2 edition of humble remonstrance from His Excellency Sir Thomas Fairfax and the Army under his command found in the catalog.
humble remonstrance from His Excellency Sir Thomas Fairfax and the Army under his command
Fairfax, Thomas Fairfax Baron
Reference: Wing F165.
|Contributions||England and Wales. Army. New Model Army.|
Full text of "A life of the great Lord Fairfax, commander-in-chief of the Army of the Parliament of England" See other formats. TO The Right Honourable. Thomas Adams, Esq Lord Major of the most famous and renowned City of London; And to the Right Worshipfull, Sir John Wollastone, Knight and Alderman of the said most Renowned City. TO The Right Worshipfull, his most highly Honoured singular good Friend, Sir Matthew Brand, Knight, High Sheriffe of the County of Surrey; And the Right .
Broadsheet petition for the dismissal for some of their officers: The Humble Remonstrance of the Commission Officers and Private Soldiers of Major General Goffs Regiment of Foot, Presented to His Excellency The Lord Fleetwood and the General Council of Officers of the Army at Wallingford House on Ap (sic). Archives: The Westminster Assembly Members and Their Writings the day of their publike thanksgiving to almighty God for the great and glorious victory obtained by the Parliaments army under the conduct of Sir Thomas Fairfax in Naseby-field. By Stephen Marshall B.D. Minister of Gods Word at Finching-field in Essex. published in a book of his.
The true copy of a petition promoted in the Army, and already presented to His Excellency the Lord General, by the officers and soldiers of the regiment under the command of Commissary General Ireton. R [29th October] Two humble petitions of the apprentices of London and parts adjacent, for lawfull recreations. R J. Macock. The Power of James at the Height—His Foreign Policy—His Plans of Domestic Government; the Habeas Corpus Act—The Standing Army—Designs in favour of the Roman Catholic Religion—Violation of the Test Act—Disgrace of Halifax; general Discontent—Persecution of the French Huguenots—Effect of that Persecution in England—Meeting of.
Sandy from the Sierras
When We Are Free
Changes at Fairacre
Health aspects of the supply and use of non-human primates for biomedical purposes
planter of the tree
H.R. 864--a bill to improve veterans benefits for former prisoners of war
Australian mining, metallurgical, and mineral industry
Soil survey of Columbia County, New York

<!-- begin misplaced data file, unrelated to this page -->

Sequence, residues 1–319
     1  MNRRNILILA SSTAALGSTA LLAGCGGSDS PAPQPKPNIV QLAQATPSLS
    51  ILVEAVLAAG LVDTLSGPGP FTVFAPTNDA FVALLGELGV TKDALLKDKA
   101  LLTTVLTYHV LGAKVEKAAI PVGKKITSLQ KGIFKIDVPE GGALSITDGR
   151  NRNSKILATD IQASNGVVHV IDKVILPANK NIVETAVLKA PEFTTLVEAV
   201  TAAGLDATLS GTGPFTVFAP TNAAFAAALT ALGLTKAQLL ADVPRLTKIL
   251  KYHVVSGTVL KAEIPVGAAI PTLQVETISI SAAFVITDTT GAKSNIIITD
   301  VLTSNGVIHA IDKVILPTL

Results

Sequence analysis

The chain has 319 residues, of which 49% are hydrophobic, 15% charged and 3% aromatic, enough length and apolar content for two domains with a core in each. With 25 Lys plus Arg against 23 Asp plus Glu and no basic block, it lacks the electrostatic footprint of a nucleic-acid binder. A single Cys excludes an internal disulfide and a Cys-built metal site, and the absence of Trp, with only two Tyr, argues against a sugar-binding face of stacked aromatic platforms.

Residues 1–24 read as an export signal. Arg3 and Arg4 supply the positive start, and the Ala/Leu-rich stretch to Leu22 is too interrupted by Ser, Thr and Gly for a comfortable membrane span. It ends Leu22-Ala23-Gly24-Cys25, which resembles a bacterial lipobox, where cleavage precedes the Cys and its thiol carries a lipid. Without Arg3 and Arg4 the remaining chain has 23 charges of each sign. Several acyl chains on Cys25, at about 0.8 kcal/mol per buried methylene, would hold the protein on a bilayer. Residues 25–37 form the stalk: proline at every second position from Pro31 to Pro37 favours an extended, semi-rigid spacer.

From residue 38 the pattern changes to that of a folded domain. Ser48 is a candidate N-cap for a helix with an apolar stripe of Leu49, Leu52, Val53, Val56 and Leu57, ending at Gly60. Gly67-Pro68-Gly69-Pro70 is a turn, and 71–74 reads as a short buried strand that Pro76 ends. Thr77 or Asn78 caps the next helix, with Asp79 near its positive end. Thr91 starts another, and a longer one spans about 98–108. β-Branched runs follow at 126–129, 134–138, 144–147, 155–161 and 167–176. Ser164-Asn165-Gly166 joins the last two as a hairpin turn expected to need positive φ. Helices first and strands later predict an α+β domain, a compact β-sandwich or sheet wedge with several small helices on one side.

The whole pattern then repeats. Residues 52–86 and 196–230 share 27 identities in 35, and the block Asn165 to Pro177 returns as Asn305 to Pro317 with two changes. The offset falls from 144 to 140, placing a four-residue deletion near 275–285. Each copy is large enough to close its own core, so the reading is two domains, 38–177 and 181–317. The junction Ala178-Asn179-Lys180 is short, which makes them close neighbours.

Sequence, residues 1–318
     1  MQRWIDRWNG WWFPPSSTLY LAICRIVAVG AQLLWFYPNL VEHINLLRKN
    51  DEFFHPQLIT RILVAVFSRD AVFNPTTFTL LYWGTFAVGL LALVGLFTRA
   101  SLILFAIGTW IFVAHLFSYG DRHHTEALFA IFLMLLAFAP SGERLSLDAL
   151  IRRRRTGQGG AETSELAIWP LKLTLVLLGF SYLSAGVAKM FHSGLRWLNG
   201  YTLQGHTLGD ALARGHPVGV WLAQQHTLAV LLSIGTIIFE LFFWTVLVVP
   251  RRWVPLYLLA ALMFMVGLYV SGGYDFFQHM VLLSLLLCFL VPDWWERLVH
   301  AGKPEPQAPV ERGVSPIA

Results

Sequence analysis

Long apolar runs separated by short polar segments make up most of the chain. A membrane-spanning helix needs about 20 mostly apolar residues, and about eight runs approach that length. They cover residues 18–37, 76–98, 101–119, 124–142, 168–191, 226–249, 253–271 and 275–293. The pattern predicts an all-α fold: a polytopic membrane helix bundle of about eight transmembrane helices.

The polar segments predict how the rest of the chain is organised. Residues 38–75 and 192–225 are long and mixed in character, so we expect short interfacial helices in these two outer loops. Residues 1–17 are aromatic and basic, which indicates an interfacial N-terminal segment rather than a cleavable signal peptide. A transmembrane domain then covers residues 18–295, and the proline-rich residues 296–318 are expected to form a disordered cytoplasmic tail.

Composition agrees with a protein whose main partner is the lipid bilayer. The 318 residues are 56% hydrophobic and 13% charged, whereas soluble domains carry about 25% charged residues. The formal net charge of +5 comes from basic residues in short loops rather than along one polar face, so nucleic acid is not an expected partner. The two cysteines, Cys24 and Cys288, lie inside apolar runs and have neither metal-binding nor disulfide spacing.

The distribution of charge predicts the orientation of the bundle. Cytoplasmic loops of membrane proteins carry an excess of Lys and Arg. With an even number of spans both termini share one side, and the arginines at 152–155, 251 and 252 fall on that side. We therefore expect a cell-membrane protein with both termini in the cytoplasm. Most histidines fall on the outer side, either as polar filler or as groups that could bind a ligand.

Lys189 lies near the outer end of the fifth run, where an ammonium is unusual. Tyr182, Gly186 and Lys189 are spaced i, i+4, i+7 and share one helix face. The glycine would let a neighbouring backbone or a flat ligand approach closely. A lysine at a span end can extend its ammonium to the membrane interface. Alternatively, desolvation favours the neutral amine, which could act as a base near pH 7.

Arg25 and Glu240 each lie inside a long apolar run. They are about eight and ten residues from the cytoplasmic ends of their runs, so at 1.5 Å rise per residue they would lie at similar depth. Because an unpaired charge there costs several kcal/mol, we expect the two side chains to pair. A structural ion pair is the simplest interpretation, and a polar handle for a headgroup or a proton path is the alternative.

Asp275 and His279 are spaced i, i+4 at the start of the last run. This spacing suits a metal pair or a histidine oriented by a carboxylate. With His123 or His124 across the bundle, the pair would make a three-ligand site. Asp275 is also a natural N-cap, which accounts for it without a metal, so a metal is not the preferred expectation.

Green man flashing
An humble remonstrance from His Excellency Sir Thomas Fairfax, and the army under his command: concerning the present state of affairs in relation to themselves and the kingdom, with their desires and present resolutions thereupon: presented to the commissioners at S. Albans, to be by them humbly represented to the Parliament: also the names of the officers that were.
Buy An humble remonstrance from His Excellency Sir Thomas Fairfax, and the army under his command concerning the present state of affairs in relation to and present resolutions thereupon () by Fairfax, Thomas (ISBN: ) from Amazon's Book Store.
Everyday low prices and free delivery on eligible : Thomas Fairfax. An humble remonstrance from His Excellency Sir Thomas Fairfax, and the army under his command concerning the present state of affairs in relation to and present resolutions thereupon () by Thomas Fairfax | 2 Jan An Humble Remonstrance from His Excellency Sir Thomas Fairfax, and the Army Under His Command Concerning the Present State of Affairs in Relation to Themselves and the Kingdom, with Their Desires and Present Resolutions Thereupon () (Paperback) by Thomas Fairfax Paperback, 26 Pages, Published Author: Thomas Fairfax.
Army officers prepare a modified manifesto — A Remonstrance from his Excellency Sir Thomas Fairfax — to replace the Levellers' Agreement. HGCW4: Partial rendezvous on Corkbush Field, near Ware, Hertfordshire.
Two unauthorised regiments threaten to mutiny. Fairfax and Cromwell personally confront the troops; three ringleaders are arrested. T  () [Signed by John Rushworth, attributed to Henry Ireton], [Declaration of the Army], A Declaration, or, Representation From his Excellency, Sir Thomas Fairfax, And the Army under his command, Humbly tendred to the parliament (14 June ).
An humble remonstrance from His Excellency Sir Thomas Fairfax, and the army under his command concerning the present state of affairs in relation to themselves and the kingdom, with their desires and present resolutions thereupon: presented to the commissioners at S.
Albans, to be by them humbly represented to the Parliament: also the names. FAIRFAX, THOMAS, third Lord Fairfax (–), general, son of Ferdinando, second lord Fairfax [q. v.], was born at Denton in Yorkshire on 17 Jan. –12 (Fairfax Correspondence, i.